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Putin’s tough talk on Tuesday leaves Kiev and its Western backers in the unenviable position of deciphering what exactly Russia needs in order to step back from the brink. Optimists interpret the threat of Russian invasion in Ukraine as just that: a threat. By amassing forces along Ukraine’s eastern border, Russia can create leverage behind its demand for the constitutional restructuring of Ukraine into an entity that plays by the Kremlin’s rules, some analysts argue. A radically federalized Bosnia-style division of Ukraine into a pro-European western half and a Russian-speaking east would effectively thwart another dramatic shift away from Moscow, even if it would cripple Ukraine’s integrative democratic development.
But Russia's endgame may not be that clearly defined. As he has always done, Putin will fashion his tactics in response to the unfolding situation on the ground and the extent of pushback he experiences from Western powers. “This has been very much one step forward, one step back, one step sideways,” said Meier. “I don’t think there is a grand strategy — it’s a test of wills.” Putin will likely not back down until he feels Russia has sufficiently reasserted itself in Ukraine, or the West has mustered pressures sufficient to deter him.
Putin's tongue-lashing of Western hypocrisy on Tuesday may, however, also offer clues to his agenda in Ukraine. Some observers are already calling his Duma speech the defining moment of his presidency.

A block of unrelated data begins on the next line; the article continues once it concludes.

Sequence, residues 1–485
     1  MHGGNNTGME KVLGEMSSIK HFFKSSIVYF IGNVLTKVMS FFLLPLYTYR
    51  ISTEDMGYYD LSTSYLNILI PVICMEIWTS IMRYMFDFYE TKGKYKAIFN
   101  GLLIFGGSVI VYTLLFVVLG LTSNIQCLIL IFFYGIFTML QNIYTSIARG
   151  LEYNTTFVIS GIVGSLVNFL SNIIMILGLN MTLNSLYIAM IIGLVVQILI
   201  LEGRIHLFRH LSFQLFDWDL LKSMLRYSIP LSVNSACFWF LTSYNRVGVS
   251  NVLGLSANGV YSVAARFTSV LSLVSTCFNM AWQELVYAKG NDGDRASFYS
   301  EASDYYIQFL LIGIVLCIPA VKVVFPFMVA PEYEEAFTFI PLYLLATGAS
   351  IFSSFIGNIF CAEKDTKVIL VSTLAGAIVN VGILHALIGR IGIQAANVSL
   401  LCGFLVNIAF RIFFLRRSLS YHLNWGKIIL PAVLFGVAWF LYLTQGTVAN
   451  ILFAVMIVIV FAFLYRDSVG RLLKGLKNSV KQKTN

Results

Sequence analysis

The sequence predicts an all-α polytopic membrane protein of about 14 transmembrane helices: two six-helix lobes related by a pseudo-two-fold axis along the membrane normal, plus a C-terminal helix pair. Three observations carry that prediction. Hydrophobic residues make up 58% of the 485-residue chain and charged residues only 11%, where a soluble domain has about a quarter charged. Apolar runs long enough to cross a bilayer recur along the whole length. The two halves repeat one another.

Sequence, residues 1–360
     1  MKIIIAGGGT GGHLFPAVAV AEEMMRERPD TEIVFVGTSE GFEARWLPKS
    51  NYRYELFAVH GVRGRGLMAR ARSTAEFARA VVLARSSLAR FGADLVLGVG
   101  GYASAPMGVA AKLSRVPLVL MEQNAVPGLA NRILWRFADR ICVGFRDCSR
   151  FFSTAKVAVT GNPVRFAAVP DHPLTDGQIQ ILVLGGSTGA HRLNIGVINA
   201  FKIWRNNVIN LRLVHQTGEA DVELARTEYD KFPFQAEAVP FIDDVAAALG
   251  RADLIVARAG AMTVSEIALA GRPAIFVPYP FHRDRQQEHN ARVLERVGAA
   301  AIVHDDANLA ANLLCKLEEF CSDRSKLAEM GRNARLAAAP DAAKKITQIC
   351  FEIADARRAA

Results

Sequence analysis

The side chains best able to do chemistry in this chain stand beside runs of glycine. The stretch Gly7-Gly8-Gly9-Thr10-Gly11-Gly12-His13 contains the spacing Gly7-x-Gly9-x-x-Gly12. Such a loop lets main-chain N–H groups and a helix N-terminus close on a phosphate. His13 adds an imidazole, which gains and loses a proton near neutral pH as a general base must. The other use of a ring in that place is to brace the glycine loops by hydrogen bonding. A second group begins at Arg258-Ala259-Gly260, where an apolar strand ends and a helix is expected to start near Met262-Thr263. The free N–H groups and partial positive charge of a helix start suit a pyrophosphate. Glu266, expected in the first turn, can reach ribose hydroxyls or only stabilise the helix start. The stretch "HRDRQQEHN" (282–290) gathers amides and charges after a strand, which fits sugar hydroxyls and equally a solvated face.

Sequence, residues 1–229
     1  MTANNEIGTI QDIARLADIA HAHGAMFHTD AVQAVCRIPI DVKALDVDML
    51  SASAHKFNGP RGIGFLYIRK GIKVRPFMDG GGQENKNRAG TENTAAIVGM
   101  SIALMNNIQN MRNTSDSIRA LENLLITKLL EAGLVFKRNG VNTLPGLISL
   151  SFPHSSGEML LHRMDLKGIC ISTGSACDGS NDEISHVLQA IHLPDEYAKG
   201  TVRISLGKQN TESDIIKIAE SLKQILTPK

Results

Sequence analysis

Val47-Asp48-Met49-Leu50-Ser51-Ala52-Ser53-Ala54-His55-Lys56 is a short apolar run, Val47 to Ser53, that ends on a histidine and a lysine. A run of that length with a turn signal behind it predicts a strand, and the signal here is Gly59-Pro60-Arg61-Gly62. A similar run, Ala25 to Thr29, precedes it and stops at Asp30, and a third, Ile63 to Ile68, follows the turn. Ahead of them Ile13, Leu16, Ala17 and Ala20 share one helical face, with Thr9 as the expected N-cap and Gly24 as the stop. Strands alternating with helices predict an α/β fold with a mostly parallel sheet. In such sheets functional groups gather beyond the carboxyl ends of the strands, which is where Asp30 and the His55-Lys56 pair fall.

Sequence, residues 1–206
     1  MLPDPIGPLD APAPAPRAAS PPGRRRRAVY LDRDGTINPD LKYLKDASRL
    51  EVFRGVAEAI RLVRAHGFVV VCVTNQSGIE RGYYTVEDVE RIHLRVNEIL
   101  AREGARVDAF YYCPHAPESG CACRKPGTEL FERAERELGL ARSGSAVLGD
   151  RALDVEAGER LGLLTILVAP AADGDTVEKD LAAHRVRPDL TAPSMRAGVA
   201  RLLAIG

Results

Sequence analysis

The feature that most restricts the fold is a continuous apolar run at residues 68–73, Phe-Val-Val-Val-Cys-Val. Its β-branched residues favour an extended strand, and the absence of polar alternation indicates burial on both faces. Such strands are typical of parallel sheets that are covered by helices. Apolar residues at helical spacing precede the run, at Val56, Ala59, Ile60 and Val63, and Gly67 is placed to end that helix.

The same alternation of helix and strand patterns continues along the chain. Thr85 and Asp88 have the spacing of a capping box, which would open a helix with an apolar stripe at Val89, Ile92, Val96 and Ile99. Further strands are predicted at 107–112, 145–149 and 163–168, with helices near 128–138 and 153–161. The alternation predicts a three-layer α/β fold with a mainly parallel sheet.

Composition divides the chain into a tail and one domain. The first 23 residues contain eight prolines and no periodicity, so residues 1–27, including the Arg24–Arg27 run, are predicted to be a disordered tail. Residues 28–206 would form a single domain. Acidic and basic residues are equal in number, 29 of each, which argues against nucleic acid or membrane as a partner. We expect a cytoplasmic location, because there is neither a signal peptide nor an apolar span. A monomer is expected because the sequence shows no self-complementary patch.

Indeed, Putin’s audacity in Russia’s “near abroad” — former Soviet territories — is often explained as an effort to draw a line after years of what the Russian strategic establishment views as steady Western encroachment since the fall of the USSR. When the recent uprising toppled his ally in Kiev and signaled a Ukrainian turn to the European Union and NATO, Putin moved quickly and forcefully to reassert Russian influence in a country he still considers a fixture in the Russian sphere of influence. With his European rivals incapacitated by economic factors ranging from reliance on Russia for natural gas to the scale of the EU's fiscal challenges, and the U.S. in no position to contemplate a high-risk military intervention in a country of limited geopolitical significance, that rationale has been validated.
“Look at Yugoslavia, Afghanistan, Iraq, Syria and Libya: This is the real first time where Putin has been able to say, ‘Enough, this is how we do things,’” Meier said. “The question now is, does he get away with it? Is that gamble going to be able to stand up?”
A majority of people in every area in Crimea identify Russian as their native tongue
For Putin, countering the threat of a Ukraine strongly aligned with the West is do or die
Analysis: Putin can't win Kiev back, but he might be satisfied with a geopolitically ambiguous Bosnia-style solution